General Ryan has indeed left his mark—and the legacy of this smart, tough leader will be measured for decades to come in lives saved and in victories won. We know that, as we honor Mike today, somewhere certainly, his father, and his brother are watching and are enormously proud.
And though we gather here today to mark the completion of this outstanding general’s 36 years of service, there’s one Ryan here who can claim an even longer affiliation. And so, today we also honor Jane.
I’m told that Mike’s career really started kind of slow. But it took off like a rocket when he was a member of the Air Force Academy’s Choir. He traveled to Loretta Heights Catholic Girls’ School to sing High Mass, and he met Jane. It was divine intervention [laughter].
Jane’s been through literally every day of this extraordinary career that spans some 20 assignments. Like so many military families, you and your four children have endured long periods of separation, and the difficulty of seeing Mike off on dangerous missions. So, Jane, we honor you, and we thank you—for your service as well.
Filling Mike Ryan’s shoes is no easy task. Like his predecessor and friend, General John Jumper was also born to be an airman: his father was an Air Force pilot, and made sure that John had flight time in planes like the legendary P-51 Mustang by the time he’d reached the ripe age of three.
Once he was "formally" in the Air Force, General Jumper served in a series of challenging posts that has schooled him in the lessons of leadership: combat missions in Vietnam, command positions in the squadron and wing levels, to the U.S. Air Forces in Europe and the Air Combat Command. General Jumper understands that we’re living in a period of transition, when the threats of the Cold War have receded, and the new challenges of the 21st Century have not yet fully emerged. He will continue to lead the transition of our Air Force that General Ryan began—from a force that won the Cold War to a force for the 21st Century—one that can face challenges from sources that we cannot yet know. And so, John and Ellen, we congratulate you and we welcome you.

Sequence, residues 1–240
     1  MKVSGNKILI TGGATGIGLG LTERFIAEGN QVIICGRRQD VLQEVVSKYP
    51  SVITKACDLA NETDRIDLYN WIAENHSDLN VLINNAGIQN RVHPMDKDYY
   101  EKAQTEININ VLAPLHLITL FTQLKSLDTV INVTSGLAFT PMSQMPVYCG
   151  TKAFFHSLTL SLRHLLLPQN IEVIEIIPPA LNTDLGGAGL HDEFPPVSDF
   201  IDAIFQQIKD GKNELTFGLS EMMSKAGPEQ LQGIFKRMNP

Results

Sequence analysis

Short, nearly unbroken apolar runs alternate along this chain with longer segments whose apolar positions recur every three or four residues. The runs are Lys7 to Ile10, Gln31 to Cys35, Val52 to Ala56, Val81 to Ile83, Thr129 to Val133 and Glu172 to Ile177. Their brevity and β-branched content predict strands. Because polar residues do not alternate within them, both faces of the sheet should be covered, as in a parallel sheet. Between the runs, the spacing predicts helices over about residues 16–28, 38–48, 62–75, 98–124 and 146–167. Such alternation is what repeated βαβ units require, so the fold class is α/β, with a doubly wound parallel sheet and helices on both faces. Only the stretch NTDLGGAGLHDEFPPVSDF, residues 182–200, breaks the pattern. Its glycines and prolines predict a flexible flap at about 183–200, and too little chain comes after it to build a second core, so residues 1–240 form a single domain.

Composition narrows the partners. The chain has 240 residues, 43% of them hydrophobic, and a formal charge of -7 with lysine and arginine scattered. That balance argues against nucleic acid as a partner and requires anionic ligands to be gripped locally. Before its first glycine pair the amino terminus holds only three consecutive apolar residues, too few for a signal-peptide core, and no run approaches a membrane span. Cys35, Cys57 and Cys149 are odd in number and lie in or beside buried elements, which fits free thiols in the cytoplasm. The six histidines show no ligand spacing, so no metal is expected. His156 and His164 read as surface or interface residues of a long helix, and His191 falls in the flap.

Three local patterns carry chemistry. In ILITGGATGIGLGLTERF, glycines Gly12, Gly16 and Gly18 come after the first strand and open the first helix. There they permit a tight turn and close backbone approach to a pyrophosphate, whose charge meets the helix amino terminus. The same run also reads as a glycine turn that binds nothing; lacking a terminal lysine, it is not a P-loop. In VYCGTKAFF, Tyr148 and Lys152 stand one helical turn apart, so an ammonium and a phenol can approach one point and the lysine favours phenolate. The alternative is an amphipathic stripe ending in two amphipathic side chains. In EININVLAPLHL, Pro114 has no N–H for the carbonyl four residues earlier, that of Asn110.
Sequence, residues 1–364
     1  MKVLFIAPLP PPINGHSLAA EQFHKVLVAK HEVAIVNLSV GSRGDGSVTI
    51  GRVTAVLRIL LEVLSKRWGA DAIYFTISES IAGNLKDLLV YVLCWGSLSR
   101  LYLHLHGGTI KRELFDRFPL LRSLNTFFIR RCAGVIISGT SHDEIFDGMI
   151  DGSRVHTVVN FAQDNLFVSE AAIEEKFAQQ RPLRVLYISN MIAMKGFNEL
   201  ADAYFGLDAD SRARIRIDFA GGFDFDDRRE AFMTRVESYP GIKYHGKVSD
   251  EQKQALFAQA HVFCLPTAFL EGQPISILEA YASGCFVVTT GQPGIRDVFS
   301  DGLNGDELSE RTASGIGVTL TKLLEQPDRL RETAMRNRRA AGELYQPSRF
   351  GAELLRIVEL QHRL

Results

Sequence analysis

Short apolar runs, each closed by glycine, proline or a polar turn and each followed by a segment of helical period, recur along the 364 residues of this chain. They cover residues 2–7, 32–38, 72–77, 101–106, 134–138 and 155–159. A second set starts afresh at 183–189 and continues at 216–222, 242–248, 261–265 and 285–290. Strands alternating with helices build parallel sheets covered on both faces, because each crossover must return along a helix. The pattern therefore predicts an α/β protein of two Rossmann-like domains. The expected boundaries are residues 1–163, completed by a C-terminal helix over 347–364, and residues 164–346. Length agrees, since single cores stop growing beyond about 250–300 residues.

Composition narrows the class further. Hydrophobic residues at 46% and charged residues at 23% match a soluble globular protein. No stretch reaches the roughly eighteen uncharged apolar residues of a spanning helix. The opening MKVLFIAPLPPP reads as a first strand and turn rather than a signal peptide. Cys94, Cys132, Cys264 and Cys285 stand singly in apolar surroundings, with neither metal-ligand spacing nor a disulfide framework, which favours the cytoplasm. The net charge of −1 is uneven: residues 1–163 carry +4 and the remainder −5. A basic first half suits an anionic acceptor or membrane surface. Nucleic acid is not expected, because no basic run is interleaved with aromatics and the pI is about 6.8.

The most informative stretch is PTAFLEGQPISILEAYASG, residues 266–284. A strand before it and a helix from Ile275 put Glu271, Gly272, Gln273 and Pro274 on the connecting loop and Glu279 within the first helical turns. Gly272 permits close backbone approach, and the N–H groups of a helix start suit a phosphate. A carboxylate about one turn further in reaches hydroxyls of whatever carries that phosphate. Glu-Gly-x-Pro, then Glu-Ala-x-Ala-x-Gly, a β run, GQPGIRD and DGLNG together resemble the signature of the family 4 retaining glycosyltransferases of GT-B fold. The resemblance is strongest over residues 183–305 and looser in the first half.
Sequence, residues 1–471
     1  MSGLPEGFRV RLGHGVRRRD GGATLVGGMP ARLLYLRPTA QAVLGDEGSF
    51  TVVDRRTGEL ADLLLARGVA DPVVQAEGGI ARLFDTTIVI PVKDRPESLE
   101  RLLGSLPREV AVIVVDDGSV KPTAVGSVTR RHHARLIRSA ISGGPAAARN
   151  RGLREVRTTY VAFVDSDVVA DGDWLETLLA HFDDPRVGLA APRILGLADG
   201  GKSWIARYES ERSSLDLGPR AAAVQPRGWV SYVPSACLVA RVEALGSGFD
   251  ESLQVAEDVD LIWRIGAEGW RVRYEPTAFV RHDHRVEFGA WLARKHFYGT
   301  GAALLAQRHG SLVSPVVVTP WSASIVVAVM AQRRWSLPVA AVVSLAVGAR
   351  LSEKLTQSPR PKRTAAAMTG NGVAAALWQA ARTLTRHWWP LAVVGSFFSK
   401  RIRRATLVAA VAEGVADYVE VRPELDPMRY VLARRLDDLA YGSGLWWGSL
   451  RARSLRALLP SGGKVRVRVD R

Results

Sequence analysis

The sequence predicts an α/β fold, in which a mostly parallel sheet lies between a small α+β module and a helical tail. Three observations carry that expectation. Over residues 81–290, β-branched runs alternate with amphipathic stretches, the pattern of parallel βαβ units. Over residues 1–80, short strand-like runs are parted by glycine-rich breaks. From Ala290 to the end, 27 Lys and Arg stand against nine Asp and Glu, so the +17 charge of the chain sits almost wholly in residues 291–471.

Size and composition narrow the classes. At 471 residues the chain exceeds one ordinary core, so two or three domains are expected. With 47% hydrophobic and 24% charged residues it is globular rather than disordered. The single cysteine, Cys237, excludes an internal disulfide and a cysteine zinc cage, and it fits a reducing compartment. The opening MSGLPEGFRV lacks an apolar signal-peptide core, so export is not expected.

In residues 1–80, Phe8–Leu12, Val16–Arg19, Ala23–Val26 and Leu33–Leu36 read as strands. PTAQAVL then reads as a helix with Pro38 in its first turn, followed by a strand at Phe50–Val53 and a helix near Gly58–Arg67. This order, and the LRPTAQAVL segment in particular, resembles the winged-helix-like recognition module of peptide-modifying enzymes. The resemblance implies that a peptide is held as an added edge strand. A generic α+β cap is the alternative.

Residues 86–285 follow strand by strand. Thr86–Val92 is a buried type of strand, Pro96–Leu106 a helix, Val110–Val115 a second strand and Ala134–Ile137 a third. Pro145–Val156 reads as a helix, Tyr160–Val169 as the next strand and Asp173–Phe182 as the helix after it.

I mentioned a story to General Ryan the other day that has an important message about service—and certainly all those gathered here understand the importance of service. I said, Mike, on the day when you no longer put on your uniform, think about the old soldier who went home after a life of service. He looked around, he saw how his hometown had prospered, and said to his wife, "You know, maybe I should have stayed here. Look at the parks, the factories, the schools, the banks, the new homes. It’s a good place."
His wife replied: "Yes, but you made it possible for all this to happen."
So Mike, remember that. Every time you see youngsters playing and having a good time, couples starting out, a safer world, a more prosperous world, and most of all, a world of freedom, it is, in no small part, because of you and the magnificent Air Force team that you have helped to build and lead. Mike, we all join in thanking you for your remarkable service. To Jane and to you, good luck and Godspeed. [Applause.]